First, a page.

New research is needed into the impact of photo-catalytic treatments (PCTs) such as pollution-reducing paints and coatings, an environmental trade body has claimed.
The call comes today from the Environmental Industries Commission (EIC) which has published the findings of a review of the available evidence into the impact of PCTs in reducing local air pollutants.
Led by Dr Andreas Kafizas from Imperial College London, the research looked at the potential impact photo-catalytic concrete products and photo-catalytic paints & treatments – which it is claimed can trap or remove pollutants from the air.
The technologies utilise a chemical called titanium dioxide, which acts as a catalyst when exposed to ultraviolet (UV) light, leading to the removal of atmospheric pollutants by converting them into other species, it is claimed.
The latest research reviewed existing evidence, including laboratory studies and field trials, into the effectiveness of these technologies.
A previous review of evidence, carried out by the governments Air Quality Expert Group (AQEG) in 2016, noted that some of these products can work in a lab environment, but questioned whether PCTs would be effective in real-world conditions (see airqualitynews.com story).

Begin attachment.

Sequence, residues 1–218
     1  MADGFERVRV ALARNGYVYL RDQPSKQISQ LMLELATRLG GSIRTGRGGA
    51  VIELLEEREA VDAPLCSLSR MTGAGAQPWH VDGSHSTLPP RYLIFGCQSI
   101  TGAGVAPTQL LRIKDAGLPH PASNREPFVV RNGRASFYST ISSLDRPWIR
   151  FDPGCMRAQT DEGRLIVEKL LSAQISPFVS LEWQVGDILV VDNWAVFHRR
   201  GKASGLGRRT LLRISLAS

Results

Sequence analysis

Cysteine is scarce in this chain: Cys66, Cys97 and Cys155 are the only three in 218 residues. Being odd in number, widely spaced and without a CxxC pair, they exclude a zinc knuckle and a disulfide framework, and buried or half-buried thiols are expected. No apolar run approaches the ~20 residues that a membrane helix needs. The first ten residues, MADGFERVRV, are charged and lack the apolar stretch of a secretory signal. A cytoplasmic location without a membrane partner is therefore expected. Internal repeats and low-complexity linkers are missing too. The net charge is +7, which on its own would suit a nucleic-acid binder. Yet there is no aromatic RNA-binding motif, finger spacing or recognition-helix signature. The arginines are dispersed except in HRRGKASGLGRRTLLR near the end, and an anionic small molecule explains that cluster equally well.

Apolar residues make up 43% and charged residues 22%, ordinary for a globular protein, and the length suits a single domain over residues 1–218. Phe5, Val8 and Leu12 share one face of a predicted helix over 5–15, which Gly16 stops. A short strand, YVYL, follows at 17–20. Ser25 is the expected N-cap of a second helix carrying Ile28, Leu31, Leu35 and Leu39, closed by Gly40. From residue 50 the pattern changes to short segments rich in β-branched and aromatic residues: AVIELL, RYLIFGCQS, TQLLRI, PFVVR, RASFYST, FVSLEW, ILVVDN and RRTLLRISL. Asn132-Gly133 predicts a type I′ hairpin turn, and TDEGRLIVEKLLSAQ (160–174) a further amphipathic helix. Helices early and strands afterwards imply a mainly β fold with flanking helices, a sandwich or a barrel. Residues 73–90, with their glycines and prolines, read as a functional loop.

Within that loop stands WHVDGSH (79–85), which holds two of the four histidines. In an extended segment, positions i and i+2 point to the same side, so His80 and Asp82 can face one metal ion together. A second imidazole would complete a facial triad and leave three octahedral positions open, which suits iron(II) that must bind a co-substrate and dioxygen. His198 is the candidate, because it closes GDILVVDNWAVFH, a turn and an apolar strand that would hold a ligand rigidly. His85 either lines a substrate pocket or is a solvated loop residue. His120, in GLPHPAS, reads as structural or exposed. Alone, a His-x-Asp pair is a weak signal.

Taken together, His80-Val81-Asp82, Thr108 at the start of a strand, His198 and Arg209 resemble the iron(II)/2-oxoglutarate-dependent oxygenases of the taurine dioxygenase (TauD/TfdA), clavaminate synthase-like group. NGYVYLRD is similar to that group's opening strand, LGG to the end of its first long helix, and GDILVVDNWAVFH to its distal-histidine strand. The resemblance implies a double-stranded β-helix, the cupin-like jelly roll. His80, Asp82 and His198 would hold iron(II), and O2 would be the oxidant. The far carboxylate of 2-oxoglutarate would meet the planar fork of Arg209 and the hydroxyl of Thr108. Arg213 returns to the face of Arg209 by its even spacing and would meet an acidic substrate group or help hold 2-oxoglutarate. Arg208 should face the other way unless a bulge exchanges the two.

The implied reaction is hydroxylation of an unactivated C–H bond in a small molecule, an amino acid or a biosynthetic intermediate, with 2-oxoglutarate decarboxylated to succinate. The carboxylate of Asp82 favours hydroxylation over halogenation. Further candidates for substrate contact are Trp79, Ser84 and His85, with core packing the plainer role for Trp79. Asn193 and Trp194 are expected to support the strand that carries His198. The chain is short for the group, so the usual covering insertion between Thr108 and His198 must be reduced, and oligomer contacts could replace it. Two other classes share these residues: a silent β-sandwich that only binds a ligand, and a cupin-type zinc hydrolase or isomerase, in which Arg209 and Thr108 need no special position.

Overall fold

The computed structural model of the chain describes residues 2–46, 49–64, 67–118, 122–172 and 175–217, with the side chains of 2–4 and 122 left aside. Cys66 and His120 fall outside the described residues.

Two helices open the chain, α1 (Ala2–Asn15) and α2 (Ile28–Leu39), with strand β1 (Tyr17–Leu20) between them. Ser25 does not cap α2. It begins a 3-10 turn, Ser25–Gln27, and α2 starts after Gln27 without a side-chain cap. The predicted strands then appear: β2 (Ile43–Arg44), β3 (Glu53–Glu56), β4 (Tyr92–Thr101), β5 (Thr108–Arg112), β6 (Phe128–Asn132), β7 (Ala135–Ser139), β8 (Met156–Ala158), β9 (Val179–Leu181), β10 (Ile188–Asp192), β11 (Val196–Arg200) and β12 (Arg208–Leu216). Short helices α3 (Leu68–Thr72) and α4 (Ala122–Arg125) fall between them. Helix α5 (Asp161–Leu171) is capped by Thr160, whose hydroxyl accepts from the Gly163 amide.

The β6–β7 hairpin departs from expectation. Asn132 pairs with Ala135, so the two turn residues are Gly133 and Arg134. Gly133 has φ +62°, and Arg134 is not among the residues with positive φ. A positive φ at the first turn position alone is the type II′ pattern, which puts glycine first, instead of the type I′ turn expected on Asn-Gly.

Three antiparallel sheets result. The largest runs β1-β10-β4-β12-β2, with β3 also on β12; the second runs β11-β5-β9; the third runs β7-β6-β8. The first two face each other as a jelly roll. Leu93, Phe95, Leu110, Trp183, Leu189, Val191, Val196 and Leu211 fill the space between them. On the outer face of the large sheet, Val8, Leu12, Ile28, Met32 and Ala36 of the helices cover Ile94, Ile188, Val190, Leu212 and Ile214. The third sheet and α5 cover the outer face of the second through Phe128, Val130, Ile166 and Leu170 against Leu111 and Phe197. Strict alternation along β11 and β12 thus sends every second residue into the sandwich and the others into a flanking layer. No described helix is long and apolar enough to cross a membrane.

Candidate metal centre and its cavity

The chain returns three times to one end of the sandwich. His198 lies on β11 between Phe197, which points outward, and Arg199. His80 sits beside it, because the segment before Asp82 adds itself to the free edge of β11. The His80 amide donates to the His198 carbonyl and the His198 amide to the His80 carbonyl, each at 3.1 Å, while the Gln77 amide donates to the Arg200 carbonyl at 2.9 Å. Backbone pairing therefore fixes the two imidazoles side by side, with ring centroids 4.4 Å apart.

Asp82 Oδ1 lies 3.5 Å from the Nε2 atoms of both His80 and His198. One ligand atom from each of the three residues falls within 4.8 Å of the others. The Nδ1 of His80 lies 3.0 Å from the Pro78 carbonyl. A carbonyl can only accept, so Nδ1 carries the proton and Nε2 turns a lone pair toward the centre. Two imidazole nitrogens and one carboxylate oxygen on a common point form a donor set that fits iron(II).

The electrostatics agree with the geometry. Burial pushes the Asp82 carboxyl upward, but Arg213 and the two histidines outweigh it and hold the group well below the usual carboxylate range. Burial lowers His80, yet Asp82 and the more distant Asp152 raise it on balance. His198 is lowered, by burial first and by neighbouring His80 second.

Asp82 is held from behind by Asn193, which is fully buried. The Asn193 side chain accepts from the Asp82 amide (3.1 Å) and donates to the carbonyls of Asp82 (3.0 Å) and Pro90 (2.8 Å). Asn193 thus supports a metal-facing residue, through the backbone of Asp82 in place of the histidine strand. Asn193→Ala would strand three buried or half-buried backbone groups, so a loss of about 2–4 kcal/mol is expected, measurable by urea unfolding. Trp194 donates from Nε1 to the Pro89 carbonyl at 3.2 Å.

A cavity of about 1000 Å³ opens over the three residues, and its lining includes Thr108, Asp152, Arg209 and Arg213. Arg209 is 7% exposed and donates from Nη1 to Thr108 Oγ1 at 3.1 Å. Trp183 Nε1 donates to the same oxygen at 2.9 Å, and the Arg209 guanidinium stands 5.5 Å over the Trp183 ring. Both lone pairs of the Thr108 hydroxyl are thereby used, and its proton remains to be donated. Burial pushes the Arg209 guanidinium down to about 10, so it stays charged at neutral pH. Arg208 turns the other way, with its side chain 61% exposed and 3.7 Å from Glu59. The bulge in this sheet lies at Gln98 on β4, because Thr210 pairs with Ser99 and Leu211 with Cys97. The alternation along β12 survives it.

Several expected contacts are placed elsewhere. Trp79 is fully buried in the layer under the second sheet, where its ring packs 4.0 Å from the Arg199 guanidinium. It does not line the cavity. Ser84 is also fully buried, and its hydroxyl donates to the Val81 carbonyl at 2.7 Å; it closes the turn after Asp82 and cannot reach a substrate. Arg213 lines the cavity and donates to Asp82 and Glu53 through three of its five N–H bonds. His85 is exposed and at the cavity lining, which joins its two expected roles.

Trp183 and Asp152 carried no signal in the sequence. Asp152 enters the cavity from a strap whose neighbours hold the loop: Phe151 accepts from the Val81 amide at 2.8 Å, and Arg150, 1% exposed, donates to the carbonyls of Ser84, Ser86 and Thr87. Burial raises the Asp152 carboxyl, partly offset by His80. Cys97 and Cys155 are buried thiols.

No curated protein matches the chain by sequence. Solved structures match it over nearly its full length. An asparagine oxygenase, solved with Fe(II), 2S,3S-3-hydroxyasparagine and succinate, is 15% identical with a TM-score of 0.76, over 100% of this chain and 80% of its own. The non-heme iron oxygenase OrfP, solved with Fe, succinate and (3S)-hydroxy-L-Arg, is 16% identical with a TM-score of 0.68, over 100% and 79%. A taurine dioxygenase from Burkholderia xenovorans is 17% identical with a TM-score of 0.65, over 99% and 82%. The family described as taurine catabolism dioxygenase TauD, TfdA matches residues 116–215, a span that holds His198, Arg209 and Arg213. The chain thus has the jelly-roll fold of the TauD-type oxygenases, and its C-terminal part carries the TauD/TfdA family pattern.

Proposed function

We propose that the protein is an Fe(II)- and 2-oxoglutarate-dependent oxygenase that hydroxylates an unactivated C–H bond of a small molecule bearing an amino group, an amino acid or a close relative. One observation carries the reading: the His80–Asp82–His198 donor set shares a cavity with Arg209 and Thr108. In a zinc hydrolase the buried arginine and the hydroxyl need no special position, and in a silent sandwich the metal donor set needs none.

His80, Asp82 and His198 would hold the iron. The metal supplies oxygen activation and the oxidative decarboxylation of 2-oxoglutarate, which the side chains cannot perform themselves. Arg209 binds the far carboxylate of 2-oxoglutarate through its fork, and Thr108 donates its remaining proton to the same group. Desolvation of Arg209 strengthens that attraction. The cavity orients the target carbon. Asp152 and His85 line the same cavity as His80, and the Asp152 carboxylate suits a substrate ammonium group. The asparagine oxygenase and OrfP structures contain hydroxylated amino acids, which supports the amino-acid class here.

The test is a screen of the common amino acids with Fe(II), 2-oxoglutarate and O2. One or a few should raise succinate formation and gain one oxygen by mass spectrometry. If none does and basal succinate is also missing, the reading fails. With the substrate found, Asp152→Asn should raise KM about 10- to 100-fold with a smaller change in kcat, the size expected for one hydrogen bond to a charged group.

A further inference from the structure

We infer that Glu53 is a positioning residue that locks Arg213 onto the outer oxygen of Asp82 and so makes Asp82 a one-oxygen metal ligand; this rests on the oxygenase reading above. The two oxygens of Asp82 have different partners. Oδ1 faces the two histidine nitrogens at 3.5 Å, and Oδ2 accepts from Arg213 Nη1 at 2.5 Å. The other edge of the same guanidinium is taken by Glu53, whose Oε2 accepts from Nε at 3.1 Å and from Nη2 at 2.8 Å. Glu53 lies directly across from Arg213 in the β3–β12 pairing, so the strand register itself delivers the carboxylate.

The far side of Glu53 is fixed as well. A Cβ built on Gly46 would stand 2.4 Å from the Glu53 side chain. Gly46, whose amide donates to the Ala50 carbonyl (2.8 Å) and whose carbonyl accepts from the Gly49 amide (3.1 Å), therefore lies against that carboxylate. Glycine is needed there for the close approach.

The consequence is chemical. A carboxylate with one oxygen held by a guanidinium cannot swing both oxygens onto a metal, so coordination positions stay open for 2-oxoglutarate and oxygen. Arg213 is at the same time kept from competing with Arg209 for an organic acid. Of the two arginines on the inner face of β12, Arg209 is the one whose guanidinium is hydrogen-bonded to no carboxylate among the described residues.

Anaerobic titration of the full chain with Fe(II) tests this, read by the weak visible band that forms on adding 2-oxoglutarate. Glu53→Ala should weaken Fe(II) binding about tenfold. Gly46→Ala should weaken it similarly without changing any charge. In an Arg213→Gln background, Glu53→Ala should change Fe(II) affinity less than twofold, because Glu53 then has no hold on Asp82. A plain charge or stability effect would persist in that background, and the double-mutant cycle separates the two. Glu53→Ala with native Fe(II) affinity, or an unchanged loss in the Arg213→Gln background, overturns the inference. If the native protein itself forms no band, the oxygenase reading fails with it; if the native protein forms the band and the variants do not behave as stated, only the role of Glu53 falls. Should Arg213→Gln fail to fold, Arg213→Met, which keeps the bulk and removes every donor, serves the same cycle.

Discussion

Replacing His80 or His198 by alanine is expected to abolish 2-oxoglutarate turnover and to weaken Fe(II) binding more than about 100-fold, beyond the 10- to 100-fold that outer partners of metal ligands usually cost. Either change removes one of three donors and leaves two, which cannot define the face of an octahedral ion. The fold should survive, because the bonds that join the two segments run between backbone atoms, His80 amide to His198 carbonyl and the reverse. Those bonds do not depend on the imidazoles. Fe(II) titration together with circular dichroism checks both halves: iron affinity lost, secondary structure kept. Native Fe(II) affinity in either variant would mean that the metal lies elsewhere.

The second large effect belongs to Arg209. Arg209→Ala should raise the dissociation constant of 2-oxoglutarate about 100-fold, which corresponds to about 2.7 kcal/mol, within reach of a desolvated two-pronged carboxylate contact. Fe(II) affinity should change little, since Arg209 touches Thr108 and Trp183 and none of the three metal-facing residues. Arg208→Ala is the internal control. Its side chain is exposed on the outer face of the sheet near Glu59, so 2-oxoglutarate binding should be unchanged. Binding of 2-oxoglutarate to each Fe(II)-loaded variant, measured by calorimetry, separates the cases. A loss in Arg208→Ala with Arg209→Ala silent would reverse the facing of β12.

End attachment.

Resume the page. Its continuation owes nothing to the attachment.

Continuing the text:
However, EIC says that its own study covers a wider range of evidence than that used in the AQEG review, and suggests that more research into the impact and benefit of PCTs is needed.
The Imperial research identified two trials not covered in the AQEG report, one carried out in Rome in 2007 and Manila in 2009. Both showed significant decreases in NO2 in the surrounding air, according to EIC.
Dr Kafizas also modelled a scenario where photo-catalytic paint and a road coating were used in a representative London street canyon suggesting that reductions in NOx of around 4-11% and NO reductions of 11-28% were achievable depending on seasonal conditions.
Commenting on the report, EIC Director Matthew Farrow, said: There is no dispute that PCTs are effective at reducing air pollution in laboratory-based tests. However, the issue is whether the de-pollution effect would be sufficient at scale in real world conditions to justify the investment, and whether we can ensure that there is no noxious intermediate formation that could pose a secondary health threat.
The thorough analysis undertaken at Imperial College London is encouraging. The results from twelve larger scale trials that have been carried out in cities as diverse as London, Copenhagen, Rome, Manila and The Hague, together with modelling studies and a cost benefit analysis suggest that PCTs correctly deployed at scale do have a meaningful effect.
The literature also shows a correlation between the activity of PCT product and tendency for noxious intermediate formation, which means that it should be possible to establish application protocols that ensure safe and effective deployment of PCTs.
Following on from the findings of its report, EIC is calling for the governments forthcoming Air Quality Strategy to include an assessment of the potential role of PCTs in addressing air pollution, and for funding to be made available to conduct further trials.
EIC report – Towards Purer Air